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In the News 11.12.14 : Today’s Articles of Interest from around the Internets


In the News 11.12.14 : Today’s Articles of Interest from around the InternetsIn the News 11.12.14 : Today’s Articles of Interest from around the InternetsIn the News 11.12.14 : Today’s Articles of Interest from around the Internets

Today’s Articles of Interest from Around the Internets



1. The System Isn’t Going to Fix Itself—It’s Time for Us to Police the Police

“Lethal force for non-felony offenses? No problem. Illegal use of lethal force on an unarmed man? No problem. Lack of clear and present mortal danger? No problem. It is officially open season and even with a camera in your face recording you killing another human you’re safe from justice.”

Read the rest of this article at Wired



2. The Coming Democratization of Contemporary Art

“There were some significant purchases of contemporary art at Art Basel Miami Beach last week—$5.6 million for a Basquiat painting, $5 million for a John Chamberlain sculpture, $4.5 million for a Warhol portrait of Mao, more than $2 million for a Kazuo Shiraga and $1.8 million for a Mark Bradford—but the really big money wasn’t in town to pick up new wall decorations.”

Read the rest of this article at The Atlantic



3. Grouses Of The Holy

“Page is either the second- or the third-best rock guitarist of all time, depending on how seriously you take Eric Clapton. After a mini-career as a ’60s session musician (he’s an uncredited guitarist on everything from the Who’s “I Can’t Explain” to Donovan’s “Sunshine Superman”), Page invested twenty-five months with the Yardbirds before handpicking the musicians who would become Led Zeppelin. For the next twelve years, he operated as a perpetual riff machine, re-inventing his instrument and recontextualizing the blues; his influence is so vast that many guitarists who copy his style don’t even recognize who they’re unconsciously copying. Equally unrivaled is Page’s skill as a producer, although this is complicated by his curious homogeneity—he produces only his own work. He also operates at his own capricious pace: Once renowned for his coke-fueled, superhuman productivity (he recorded all of the 1976 album Presence in a mere eighteen days), he’s released just five proper studio albums since 1980 (two with The Firm, one with ex-Zep vocalist Robert Plant, another with Plant soundalike David Coverdale, and the 1988 solo effort Outrider). All five would qualify as intriguing disappointments.”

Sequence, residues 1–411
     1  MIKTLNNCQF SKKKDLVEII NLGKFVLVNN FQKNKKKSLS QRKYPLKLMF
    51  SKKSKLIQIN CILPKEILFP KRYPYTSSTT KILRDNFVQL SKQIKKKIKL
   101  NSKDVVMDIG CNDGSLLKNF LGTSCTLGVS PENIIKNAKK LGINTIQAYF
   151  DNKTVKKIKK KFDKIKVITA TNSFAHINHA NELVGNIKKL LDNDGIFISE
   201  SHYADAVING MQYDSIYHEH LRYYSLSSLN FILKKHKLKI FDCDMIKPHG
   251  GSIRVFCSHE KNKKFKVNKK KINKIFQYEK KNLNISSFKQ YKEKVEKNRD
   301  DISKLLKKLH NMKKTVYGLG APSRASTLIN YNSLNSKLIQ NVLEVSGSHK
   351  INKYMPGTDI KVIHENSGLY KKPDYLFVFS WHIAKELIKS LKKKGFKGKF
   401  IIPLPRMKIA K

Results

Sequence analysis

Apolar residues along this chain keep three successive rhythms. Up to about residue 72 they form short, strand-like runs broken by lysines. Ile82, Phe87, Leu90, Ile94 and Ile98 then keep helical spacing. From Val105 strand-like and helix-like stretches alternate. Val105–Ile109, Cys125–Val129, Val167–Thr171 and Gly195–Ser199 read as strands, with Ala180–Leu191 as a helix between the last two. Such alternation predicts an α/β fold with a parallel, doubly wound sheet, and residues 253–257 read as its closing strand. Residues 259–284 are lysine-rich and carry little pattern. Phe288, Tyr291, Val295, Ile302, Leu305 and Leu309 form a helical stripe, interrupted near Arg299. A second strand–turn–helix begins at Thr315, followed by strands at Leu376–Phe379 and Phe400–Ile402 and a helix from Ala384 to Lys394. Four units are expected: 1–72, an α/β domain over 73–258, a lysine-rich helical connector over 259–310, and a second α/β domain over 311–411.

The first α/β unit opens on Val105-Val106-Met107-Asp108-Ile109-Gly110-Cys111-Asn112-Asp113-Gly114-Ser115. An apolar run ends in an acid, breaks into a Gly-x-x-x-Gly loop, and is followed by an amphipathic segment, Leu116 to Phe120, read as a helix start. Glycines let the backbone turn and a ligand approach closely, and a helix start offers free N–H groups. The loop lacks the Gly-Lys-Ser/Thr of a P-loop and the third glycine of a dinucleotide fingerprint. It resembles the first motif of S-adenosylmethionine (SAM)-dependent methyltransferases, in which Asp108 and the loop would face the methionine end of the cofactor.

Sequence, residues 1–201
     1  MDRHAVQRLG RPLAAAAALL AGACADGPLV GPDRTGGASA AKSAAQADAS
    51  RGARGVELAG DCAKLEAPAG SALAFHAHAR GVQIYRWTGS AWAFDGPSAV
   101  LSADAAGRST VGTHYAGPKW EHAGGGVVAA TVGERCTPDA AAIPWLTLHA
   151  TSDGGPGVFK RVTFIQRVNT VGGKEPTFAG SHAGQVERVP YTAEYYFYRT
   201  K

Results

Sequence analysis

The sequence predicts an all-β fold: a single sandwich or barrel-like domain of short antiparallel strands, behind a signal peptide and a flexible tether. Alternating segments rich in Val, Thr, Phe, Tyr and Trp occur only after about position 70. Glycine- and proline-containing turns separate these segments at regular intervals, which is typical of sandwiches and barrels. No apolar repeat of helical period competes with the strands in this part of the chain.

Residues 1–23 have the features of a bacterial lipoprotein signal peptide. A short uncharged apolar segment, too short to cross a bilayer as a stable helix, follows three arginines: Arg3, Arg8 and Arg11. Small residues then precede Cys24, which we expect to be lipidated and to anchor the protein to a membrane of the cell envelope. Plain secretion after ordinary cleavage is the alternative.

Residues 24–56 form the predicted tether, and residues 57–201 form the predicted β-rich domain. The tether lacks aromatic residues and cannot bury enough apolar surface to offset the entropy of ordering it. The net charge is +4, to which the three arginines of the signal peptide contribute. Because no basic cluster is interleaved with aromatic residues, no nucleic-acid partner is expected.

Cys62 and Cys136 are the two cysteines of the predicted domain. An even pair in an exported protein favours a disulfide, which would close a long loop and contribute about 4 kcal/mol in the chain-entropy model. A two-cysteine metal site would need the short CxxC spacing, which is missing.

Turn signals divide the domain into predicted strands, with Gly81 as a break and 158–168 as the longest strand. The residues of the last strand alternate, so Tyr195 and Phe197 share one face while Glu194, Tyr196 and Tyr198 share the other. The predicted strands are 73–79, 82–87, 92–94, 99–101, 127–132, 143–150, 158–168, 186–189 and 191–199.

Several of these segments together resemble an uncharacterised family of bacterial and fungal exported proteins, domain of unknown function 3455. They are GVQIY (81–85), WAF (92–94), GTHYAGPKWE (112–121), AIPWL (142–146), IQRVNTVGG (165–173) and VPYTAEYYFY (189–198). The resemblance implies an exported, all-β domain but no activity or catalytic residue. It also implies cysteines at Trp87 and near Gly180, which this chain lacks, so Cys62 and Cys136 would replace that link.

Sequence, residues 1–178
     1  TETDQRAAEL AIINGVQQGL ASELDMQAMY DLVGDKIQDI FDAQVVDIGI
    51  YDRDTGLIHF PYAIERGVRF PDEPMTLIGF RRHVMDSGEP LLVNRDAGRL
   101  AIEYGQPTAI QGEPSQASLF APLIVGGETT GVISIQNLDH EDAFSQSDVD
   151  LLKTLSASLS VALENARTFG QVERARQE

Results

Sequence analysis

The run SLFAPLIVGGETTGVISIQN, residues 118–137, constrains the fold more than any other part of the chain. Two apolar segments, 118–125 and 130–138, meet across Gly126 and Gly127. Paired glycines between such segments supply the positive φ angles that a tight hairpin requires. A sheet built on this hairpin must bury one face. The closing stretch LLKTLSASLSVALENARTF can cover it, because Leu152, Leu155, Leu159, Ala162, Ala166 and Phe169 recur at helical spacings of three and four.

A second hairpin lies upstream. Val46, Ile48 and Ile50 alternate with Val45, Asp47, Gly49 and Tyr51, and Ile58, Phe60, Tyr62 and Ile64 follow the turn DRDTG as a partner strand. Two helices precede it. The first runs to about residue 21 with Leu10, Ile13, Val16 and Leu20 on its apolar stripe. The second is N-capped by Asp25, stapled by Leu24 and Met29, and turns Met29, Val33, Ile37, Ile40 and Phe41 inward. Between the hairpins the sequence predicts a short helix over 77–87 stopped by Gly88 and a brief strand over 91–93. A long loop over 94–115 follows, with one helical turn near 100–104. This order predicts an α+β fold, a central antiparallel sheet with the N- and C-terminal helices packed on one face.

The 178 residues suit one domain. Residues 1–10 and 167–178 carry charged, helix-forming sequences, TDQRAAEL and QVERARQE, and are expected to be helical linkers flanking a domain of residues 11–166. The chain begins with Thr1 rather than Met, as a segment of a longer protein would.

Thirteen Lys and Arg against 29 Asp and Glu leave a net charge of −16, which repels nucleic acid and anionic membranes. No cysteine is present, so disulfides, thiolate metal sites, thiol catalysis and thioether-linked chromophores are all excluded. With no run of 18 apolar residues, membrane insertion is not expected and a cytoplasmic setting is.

Read the rest of this article at GQ



4. Isis: the inside story

“The jihadist, who uses the nom de guerre Abu Ahmed, entered Camp Bucca as a young man a decade ago, and is now a senior official within Islamic State (Isis) – having risen through its ranks with many of the men who served time alongside him in prison. Like him, the other detainees had been snatched by US soldiers from Iraq’s towns and cities and flown to a place that had already become infamous: a foreboding desert fortress that would shape the legacy of the US presence in Iraq.”

Read the rest of this article at The Guardian



5. Hollywood and Vine

“Nowadays, YouTube is almost alarmingly professional. It has millions of channels devoted to personalities and products, which are often aggregated into ‘verticals’ containing similar content. The most popular videos are filmed by teen-agers and twentysomethings who use Red Epic cameras and three-point lighting to shoot themselves. And the platform’s stars behave in ways that are contingent upon a camera. For instance, they act. One of YouTube’s most visible shows—currently featured in magazine and subway-car ads everywhere—is an action series called ‘Video Game High School’ that would be right at home on MTV.”

Read the rest of this article at The New Yorker


P.S. previous articles & more by P.F.M.



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    Denise M.

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